25/01/2016

Corruption in the Pristine World of Tennis?

The sports world, traditionally a refuge from the harsh realities of politics and business, continues to be sullied. After the crisis of corruption in the ruling football organization FIFA and the Russian state-sponsored athletic doping scandal, the pristine world of tennis has been rocked by allegations of match-fixing. The usually reliable BBC with BuzzFeed published an article asserting that the names of 16 players who have been ranked in the top 50 worldwide were sent to the Tennis Integrity Unit for investigation. “Gambling syndicates in Russia and Italy have made hundreds of thousands of pounds placing highly suspicious bets on scores of matches – including at Wimbledon and the French Open,” the article stated.

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21/01/2016

New Year’s Eve, Changing Neighborhoods and Integration

One of my favorite cartoons shows two Native Americans standing on the shore near Plymouth Rock in Massachusetts watching the Pilgrims on the Mayflower sail into the harbor. One of the Indians turns to the other and snidely remarks: “Oh, oh. There goes the neighborhood.”

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15/01/2016

Barack Obama’s Perception of the State of the State: Is the Glass Half Full or Half Empty?

The president of the United States is required by law to give an annual presentation to the Congress on the status of the country. President Obama carried out this duty for the last time this week with his formal State of the Union address. What makes the speech extraordinary is not its contents – the world will little remember what he said – but the divergence in perceptions about the country’s situation.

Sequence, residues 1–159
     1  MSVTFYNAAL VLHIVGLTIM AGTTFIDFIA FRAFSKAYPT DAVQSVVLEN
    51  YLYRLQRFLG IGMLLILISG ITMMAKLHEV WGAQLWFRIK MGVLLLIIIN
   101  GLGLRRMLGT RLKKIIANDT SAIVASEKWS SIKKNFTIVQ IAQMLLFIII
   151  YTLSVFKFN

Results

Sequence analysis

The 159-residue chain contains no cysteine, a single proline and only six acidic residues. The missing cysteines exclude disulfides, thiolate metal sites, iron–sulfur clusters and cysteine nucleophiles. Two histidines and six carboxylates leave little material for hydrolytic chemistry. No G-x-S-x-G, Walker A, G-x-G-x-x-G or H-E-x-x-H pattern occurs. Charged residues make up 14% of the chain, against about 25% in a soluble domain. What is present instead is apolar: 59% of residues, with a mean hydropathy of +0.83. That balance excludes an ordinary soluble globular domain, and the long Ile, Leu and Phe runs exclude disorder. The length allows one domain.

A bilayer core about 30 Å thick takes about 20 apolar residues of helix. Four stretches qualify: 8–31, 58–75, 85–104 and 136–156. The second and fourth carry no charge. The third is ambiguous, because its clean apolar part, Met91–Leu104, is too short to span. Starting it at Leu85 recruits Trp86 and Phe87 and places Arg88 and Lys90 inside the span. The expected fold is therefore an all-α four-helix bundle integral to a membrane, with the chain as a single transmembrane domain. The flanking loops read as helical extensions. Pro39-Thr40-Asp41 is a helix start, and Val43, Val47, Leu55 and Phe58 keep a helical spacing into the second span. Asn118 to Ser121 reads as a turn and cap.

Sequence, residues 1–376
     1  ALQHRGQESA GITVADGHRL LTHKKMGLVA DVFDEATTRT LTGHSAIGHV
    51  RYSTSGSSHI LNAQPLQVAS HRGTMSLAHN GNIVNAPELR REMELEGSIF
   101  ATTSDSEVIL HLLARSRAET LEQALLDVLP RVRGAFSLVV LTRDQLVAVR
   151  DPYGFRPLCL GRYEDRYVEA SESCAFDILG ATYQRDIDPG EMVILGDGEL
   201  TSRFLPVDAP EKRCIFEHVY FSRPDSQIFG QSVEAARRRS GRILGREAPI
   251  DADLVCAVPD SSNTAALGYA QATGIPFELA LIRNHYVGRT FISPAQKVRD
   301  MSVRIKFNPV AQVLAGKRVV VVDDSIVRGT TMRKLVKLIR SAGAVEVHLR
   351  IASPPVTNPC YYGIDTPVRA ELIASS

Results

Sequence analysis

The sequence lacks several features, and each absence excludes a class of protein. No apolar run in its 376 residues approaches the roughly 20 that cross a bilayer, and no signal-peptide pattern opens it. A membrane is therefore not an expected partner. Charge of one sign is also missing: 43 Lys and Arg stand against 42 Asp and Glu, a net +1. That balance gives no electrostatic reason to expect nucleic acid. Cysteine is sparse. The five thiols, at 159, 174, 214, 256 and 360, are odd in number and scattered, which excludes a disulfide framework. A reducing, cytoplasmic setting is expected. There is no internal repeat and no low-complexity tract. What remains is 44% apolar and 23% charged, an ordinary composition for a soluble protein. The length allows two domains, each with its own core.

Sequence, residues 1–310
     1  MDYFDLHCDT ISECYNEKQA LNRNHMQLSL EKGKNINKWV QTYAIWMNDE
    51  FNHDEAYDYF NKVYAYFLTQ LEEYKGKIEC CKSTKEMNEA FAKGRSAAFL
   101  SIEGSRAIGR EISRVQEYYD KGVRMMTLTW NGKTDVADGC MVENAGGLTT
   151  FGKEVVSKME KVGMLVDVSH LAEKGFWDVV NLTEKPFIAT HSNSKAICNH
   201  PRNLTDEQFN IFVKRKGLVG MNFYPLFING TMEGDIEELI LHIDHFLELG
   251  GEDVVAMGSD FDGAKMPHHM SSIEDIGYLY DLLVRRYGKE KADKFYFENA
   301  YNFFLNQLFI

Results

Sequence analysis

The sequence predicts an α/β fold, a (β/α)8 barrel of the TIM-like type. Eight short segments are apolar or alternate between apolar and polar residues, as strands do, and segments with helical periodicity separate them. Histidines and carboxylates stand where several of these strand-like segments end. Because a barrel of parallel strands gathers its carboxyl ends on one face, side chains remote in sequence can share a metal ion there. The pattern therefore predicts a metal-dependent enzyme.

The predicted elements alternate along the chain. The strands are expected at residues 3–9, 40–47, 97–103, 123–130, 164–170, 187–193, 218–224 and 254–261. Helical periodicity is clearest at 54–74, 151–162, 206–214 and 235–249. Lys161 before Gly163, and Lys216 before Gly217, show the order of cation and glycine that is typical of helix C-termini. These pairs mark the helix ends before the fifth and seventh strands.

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08/01/2016

Do Real Men Cry in Public?

President Barack Obama cried in public. The president of the United States of America, the man who has his finger on nuclear weapons, had “tears streaming down his face” before television cameras when he announced new executive actions to reduce gun sales in the U.S. As reported by the International New York Times: “Mr. Obama broke down as he spoke about the young children shot to death in 2012 at the Sandy Hook Elementary School in Connecticut.”

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04/01/2016

A New Year and a New Sense of Time

The new year has started with all its expectations. It is new. But it is also a year: twelve months, 365 days, 7 days in a week, 24 hours in a day. While we cannot predict what will happen in 2016, we can be confident about time. That doesn’t change.
Or does it?

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24/12/2015

Is the Language of Shakespeare Necessary to Govern?

During the recent election for the Swiss Federal Council, the necessity of knowing English was hotly debated. In his interview to be one of the seven members of the Executive, Guy Parmelin said: “I can English understand but je préfère répondre en français pour être plus précis.” Although the quotation went viral on social media, he was easily elected and became the Minister of Defense, Civil Protection and Sports. Apparently being conversant in the language of Shakespeare is not a necessity to govern Switzerland.

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15/12/2015

Relativizing Security: Comparing Geneva and Islamabad

Geneva and Islamabad are two very different places. The former is known as a bastion of tranquility in Western Europe with a long history of democracy and neutrality, the latter as the capital of a large, militarily dominated country recently created with a history of violence as well as a continuing potential for destabilization from its neighbors Afghanistan and India.  

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02/12/2015

Responding to ISIS: Is Multitasking Possible?

Multitasking has become an imperative in our accelerated, modern era. People have to juggle their personal and professional lives 24/7. This is not simple. Sometimes the juggled balls drop to the floor. Politically, faced with the horrific November attacks in Paris, it is difficult to accept the duality that ISIS is both a quasi/state and a global network. It is a military force which controls half the territory of Syria as well as a loose web of global terrorist organizations often aligned with lone wolves around the globe. How to respond to the dual nature of the threat? How to multitask our response?

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24/11/2015

Rename the Palais Wilson and the President Wilson Hotel?